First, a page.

In the winter, after the leaves fall, our first floor is flooded with light. It’s one of the things I like most about this house.
One day last week, when I was feeling a little at odds with myself (I can’t remember why), I found myself thinking, “But this light, I get. This light doesn’t confuse me.” How to address the brutal history of slavery in a quilt DOES confuse me. For one thing, there is the question — is this my story to tell? That query triggers the question – does that matter, and if so, how? More on those thoughts later.
The working title for this ‘Trayvon Martin’ quilt is: Strange Fruit, triggered by an email conversation with the fiber artist, Kit Lang. Ms. Lang responded to the Zimmerman acquittal with two quilts, one of which she titled “Strange Fruit – Stand Your Ground.” You can see it here.
Being reminded of that haunting Billie Holiday song informed the choice of the fabrics printed with trees and vines. The ship in the lower right references slave ships, as does the brown batik with horizontal striping.
I got away from the initial idea of a white house with a white fence beyond which a black boy could not safely go. One of the other Martin quilts may preserve and explore that initial design impulse.
This picture was shot under a sky light that was filtering northern light through a thin veil of snow — hence the blue cast.
Are all epiphanies obvious after the fact? Here’s my latest, associated with making this little quilt — when taking on something new, don’t change up EVERYTHING else while you’re at it.
While consciously switching scale, palette, or medium is very instructive to an artist, and probably ought to be built into one’s work rhythm on a regular basis, juggling too many projects where everything is new is disorienting.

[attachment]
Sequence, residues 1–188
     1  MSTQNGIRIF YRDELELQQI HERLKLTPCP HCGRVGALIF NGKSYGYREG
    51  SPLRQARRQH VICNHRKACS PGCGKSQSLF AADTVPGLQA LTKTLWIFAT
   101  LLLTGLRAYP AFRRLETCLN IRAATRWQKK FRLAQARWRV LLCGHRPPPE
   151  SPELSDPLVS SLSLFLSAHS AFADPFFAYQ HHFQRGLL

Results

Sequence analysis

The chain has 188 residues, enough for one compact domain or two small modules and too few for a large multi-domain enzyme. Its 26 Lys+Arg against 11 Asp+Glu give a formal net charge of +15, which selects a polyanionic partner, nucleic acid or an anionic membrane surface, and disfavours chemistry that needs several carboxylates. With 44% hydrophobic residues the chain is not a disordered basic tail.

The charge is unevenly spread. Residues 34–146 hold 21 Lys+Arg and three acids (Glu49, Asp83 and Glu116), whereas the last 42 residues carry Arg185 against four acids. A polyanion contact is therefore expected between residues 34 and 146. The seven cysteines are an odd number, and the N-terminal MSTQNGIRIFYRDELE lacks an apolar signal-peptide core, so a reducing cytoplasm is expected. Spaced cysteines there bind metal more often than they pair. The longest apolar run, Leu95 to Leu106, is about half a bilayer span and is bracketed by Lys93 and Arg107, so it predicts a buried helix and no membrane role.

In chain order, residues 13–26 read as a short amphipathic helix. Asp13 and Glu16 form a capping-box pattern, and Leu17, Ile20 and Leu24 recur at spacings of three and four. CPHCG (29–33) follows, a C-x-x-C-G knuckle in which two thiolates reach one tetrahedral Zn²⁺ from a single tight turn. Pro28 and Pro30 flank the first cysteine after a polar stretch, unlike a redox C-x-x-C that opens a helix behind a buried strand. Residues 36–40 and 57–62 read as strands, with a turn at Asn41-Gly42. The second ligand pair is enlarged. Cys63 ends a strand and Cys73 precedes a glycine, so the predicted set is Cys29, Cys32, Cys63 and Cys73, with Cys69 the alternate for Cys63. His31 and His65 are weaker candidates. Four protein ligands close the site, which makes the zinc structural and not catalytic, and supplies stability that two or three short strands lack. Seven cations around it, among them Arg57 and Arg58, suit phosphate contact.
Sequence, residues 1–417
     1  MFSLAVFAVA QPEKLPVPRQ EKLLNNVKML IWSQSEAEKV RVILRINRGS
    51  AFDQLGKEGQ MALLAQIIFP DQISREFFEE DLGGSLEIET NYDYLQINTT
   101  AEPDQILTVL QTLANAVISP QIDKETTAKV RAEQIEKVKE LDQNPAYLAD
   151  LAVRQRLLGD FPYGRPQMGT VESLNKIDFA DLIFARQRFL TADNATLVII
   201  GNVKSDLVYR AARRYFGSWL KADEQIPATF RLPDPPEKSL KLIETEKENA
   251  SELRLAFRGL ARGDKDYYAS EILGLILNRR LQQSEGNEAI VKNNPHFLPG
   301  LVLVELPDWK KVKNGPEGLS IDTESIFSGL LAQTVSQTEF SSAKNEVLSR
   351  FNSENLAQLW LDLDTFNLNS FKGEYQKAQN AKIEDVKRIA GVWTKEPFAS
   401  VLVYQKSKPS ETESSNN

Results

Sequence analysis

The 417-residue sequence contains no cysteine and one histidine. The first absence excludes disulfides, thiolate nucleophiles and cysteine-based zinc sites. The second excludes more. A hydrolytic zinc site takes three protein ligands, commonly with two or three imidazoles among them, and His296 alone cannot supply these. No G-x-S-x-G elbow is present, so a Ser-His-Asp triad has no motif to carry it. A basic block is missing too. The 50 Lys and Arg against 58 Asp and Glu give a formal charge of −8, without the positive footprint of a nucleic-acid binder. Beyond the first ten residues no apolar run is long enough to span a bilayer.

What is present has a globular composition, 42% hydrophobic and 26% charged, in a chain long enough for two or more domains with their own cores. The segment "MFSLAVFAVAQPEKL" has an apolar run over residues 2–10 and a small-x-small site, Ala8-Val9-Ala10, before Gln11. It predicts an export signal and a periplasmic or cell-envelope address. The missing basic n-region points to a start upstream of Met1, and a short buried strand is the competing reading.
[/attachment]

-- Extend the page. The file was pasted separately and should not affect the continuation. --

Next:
Case in point — my first script quilts (like the above). I was busy shifting to a paler palette, sewing more by hand, trying out gel mediums and markers on fabric, weaving strips of fabric — and getting very frustrated because NOTHING was familiar (except the collage aspect).
For the little spiral piece, I played with some of my most beloved fabrics. . . current fabrics (in use in the Global Warming Quilt that is in progress downstairs). This is my preferred palette. I am drawn to very saturated colors — not always this hot, but usually this saturated. To mix in a few washed out hues was not enough to throw me. Further, these are patterns I love — polka dots, solar disks, spirals.
So, the teeny scale and hand stitching, which are NOT usual for me, could be dealt with.
I picked a single variegated Sulky thread and stuck with it, so that I could focus on placement of stitches and not thread. It was so pleasurable to stitch!
PS I am thrilled to be pushing a needle through soft layers. In the past, I have needed to use my TEETH, often, to get a needle through because I’ve backed my quilt with an upholstery fabric and layered applique on top of piecing, and sometimes added sections of previous quilts (that would be SIX layers, one of them upholstery-weight!).